There is a great diversity among yeasts for parietal adsorption activity: the outermost layer of the cell wall notably varies for composition and structure. Parietal mannoproteins can contain negative charges that modify electrostatic and ionic interaction with wine components, giving good reason to propose a specific selection of wine yeasts, based on type and amount of parietal mannoproteins. Phenolic compounds interact with yeast mannoproteins; they can diminish the total polyphenol index of wine by interaction between anthocyanins and cell walls. Wine yeast influences concentration and composition of phenolic compounds in wine, above all by adsorbing them on cell wall. Remarkable correlations between yeast used for winemaking and phenolic compounds in wine were reported, demonstrating that strain behaviour can modify chromatic properties, phenolic profile and antioxidant power of wine. The parietal adsorption of grape pigments during winemaking has important effects for wine quality, because of the amount of pigment removed. Yeast can also interact with wine colour producing anthocyanin-beta-D-glucosidase, pyruvic acid, acetaldehyde, and polysaccharides. Wine yeasts can also selectively remove ochratoxin A (OTA) during winemaking because they possess the ability to adsorb OTA. Based on parietal adsorption activity, a specific selection of yeasts will be performed to protect wine colour and phenolic compounds responsible for antioxidant activity of wines but to remove OTA. Genomic strategies for genetic improvement of strains will be used to obtain a further enhancement of the adsorption/non-adsorption activity of wine yeasts. The production of new strains through sexual recombination can be achieved through two different approaches: gametes derived from crops individual spores of parental strains gametes or directly from the parental strains. The inheritable nature of the adsorption of wine colour was recently analysed on the descendants derived from three wine strains of S. cerevisiae. Investigation of the progeny demonstrated that the adsorption of wine colour is a polygenic inheritable quantitative traits loci, partially and interdependently correlated to colour and phenolic content of wines.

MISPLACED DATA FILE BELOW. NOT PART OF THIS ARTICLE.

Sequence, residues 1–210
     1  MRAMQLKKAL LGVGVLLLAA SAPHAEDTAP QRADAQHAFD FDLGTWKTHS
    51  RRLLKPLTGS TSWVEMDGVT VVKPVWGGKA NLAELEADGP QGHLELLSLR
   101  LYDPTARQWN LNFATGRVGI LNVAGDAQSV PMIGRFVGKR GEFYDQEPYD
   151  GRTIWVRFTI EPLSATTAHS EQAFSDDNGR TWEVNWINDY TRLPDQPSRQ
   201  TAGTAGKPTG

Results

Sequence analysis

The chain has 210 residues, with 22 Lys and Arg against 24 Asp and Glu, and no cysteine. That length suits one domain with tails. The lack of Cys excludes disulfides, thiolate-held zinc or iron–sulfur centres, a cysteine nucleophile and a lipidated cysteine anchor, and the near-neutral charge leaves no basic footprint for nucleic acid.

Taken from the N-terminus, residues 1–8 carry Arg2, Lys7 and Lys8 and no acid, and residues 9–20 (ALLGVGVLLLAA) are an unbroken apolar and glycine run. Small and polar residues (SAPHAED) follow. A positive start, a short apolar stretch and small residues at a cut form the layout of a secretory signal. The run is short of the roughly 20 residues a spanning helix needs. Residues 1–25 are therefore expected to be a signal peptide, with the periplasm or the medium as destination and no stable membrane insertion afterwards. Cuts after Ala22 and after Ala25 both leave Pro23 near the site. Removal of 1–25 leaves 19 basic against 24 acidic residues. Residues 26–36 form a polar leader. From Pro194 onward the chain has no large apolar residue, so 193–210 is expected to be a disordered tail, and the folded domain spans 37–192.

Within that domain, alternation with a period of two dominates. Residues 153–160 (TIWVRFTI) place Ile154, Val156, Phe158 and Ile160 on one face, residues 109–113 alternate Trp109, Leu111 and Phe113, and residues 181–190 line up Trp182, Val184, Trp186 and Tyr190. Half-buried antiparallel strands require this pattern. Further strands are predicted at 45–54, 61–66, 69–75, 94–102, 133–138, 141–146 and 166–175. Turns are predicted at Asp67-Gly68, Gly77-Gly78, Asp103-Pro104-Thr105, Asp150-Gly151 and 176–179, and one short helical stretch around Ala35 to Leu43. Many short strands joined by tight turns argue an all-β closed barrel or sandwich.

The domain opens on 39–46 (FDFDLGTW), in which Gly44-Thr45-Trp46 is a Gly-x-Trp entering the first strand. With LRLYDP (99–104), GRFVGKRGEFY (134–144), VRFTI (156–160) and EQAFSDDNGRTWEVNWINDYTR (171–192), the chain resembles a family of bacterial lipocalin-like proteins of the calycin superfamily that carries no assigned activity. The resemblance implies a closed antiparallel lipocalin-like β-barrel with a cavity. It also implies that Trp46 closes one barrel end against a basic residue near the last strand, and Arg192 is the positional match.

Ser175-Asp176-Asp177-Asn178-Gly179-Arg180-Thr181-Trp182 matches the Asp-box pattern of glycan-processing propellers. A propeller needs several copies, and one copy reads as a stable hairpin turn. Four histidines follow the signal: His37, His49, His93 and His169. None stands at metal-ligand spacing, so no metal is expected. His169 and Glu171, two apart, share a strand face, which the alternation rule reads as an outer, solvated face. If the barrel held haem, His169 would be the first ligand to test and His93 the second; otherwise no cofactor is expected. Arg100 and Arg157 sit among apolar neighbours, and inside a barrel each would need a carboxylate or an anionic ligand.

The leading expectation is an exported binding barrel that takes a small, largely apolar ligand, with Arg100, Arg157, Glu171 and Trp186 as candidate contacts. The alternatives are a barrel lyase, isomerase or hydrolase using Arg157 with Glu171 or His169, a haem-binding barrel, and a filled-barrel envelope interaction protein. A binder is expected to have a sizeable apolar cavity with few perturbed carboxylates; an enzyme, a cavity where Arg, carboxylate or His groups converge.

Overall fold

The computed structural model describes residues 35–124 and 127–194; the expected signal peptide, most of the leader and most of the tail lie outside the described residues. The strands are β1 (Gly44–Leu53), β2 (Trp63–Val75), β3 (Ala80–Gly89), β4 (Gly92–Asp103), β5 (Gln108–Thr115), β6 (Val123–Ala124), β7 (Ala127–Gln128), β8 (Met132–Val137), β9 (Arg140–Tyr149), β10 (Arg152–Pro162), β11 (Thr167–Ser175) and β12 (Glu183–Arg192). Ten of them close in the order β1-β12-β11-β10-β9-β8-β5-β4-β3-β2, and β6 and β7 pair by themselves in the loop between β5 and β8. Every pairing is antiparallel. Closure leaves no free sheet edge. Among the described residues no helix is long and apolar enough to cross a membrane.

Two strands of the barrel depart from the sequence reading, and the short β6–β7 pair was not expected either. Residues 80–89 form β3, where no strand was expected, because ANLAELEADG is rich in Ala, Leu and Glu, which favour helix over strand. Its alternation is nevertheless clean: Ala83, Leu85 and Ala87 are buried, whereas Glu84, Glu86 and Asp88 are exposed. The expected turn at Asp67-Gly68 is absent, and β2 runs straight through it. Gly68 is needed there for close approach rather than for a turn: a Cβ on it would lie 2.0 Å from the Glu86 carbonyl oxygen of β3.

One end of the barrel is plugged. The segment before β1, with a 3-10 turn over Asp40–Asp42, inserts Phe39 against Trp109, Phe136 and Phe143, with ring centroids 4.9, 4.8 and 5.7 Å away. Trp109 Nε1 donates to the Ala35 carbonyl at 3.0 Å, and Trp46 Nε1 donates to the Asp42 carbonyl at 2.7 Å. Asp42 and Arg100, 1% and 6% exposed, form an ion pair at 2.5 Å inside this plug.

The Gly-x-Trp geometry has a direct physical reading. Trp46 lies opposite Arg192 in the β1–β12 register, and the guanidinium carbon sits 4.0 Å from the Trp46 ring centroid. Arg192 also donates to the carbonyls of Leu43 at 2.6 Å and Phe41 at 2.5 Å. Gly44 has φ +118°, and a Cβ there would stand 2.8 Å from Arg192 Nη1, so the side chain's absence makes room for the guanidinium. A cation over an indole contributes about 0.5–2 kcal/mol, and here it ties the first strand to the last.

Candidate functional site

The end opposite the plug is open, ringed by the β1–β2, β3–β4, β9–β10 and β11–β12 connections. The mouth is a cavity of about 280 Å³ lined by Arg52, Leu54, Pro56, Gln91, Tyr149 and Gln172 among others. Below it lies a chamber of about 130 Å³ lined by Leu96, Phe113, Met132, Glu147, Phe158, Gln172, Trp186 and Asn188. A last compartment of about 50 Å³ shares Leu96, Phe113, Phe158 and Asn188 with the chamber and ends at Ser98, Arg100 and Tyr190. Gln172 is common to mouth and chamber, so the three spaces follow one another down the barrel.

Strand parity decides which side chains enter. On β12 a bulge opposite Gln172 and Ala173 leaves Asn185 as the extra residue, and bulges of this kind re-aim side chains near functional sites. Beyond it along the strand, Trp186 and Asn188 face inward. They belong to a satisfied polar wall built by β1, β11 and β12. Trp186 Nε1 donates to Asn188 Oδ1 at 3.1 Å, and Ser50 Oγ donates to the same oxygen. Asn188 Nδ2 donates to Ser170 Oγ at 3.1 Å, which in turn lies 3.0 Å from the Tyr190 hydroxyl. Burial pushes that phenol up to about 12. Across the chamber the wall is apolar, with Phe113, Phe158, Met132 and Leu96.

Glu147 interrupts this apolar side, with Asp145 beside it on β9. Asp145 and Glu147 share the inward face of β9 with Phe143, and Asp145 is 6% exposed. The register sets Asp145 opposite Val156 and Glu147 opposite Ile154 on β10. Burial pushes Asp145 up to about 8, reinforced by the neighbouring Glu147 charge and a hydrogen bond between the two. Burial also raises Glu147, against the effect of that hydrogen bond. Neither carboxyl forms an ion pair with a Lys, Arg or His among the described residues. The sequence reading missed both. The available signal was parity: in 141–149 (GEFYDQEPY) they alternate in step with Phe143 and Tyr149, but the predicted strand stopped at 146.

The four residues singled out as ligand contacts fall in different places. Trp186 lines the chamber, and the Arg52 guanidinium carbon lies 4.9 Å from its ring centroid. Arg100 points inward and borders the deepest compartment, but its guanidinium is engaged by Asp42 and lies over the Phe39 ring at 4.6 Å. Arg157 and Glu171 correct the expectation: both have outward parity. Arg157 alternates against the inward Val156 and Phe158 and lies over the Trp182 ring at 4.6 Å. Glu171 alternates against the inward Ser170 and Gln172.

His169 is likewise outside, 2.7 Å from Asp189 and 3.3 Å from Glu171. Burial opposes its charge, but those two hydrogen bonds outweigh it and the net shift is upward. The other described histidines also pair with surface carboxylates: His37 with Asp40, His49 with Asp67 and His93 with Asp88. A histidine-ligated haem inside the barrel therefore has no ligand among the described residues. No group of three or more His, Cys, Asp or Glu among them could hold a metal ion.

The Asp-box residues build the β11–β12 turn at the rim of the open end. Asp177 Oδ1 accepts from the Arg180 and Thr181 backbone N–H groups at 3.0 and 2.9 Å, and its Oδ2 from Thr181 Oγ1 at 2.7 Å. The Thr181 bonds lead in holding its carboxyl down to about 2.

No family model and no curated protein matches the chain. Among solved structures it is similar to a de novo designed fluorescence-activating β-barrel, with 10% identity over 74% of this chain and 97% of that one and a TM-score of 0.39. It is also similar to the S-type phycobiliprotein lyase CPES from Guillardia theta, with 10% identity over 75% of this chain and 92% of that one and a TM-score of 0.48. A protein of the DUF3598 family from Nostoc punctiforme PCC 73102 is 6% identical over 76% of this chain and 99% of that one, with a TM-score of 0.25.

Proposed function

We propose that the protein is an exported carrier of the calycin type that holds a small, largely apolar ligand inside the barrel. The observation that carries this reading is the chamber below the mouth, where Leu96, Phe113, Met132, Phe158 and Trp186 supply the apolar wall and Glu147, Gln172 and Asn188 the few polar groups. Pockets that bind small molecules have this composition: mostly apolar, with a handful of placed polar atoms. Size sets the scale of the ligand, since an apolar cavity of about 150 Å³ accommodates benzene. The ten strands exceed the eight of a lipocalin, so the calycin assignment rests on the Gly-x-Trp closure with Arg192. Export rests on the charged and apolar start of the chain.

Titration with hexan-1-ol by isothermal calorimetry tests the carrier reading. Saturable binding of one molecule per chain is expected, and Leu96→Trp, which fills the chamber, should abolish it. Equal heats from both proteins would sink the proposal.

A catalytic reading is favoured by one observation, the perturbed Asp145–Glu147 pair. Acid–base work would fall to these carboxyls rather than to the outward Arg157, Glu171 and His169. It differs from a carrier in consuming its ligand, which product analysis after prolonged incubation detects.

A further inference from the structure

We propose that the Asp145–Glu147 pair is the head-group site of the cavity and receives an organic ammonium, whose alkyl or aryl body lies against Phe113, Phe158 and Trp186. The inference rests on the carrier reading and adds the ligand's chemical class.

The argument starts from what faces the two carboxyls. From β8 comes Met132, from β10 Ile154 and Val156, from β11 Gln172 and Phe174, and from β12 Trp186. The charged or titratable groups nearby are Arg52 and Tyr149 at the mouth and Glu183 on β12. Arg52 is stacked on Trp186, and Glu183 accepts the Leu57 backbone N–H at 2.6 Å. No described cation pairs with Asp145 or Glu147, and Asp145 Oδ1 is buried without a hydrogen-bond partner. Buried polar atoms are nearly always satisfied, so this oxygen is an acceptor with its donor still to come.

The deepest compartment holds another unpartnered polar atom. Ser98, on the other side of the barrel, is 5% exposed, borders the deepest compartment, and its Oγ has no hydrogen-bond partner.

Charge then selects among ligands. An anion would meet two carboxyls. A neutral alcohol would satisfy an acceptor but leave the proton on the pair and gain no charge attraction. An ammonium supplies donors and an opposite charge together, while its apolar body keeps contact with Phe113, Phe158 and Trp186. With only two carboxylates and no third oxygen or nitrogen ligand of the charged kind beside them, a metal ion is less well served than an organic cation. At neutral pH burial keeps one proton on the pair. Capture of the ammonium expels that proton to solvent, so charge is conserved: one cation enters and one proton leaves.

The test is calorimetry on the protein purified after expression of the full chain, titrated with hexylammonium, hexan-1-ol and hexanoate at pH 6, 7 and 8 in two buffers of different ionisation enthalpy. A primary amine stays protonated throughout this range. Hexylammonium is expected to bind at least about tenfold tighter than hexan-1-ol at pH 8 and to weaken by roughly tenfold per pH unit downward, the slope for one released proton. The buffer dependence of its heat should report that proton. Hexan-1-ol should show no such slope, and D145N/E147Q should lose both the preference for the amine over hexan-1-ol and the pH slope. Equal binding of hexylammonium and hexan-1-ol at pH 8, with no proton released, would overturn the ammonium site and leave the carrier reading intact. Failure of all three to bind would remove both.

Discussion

Wine strain improvement strategies to enhance red wine safety based on parietal adsorption activity

CARIDI A
;
SIDARI R;
2009

Abstract

There is a great diversity among yeasts for parietal adsorption activity: the outermost layer of the cell wall notably varies for composition and structure. Parietal mannoproteins can contain negative charges that modify electrostatic and ionic interaction with wine components, giving good reason to propose a specific selection of wine yeasts, based on type and amount of parietal mannoproteins. Phenolic compounds interact with yeast mannoproteins; they can diminish the total polyphenol index of wine by interaction between anthocyanins and cell walls. Wine yeast influences concentration and composition of phenolic compounds in wine, above all by adsorbing them on cell wall. Remarkable correlations between yeast used for winemaking and phenolic compounds in wine were reported, demonstrating that strain behaviour can modify chromatic properties, phenolic profile and antioxidant power of wine. The parietal adsorption of grape pigments during winemaking has important effects for wine quality, because of the amount of pigment removed. Yeast can also interact with wine colour producing anthocyanin-beta-D-glucosidase, pyruvic acid, acetaldehyde, and polysaccharides. Wine yeasts can also selectively remove ochratoxin A (OTA) during winemaking because they possess the ability to adsorb OTA. Based on parietal adsorption activity, a specific selection of yeasts will be performed to protect wine colour and phenolic compounds responsible for antioxidant activity of wines but to remove OTA. Genomic strategies for genetic improvement of strains will be used to obtain a further enhancement of the adsorption/non-adsorption activity of wine yeasts. The production of new strains through sexual recombination can be achieved through two different approaches: gametes derived from crops individual spores of parental strains gametes or directly from the parental strains. The inheritable nature of the adsorption of wine colour was recently analysed on the descendants derived from three wine strains of S. cerevisiae. Investigation of the progeny demonstrated that the adsorption of wine colour is a polygenic inheritable quantitative traits loci, partially and interdependently correlated to colour and phenolic content of wines.
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Utilizza questo identificativo per citare o creare un link a questo documento: http://hdl.handle.net/20.500.12318/12463
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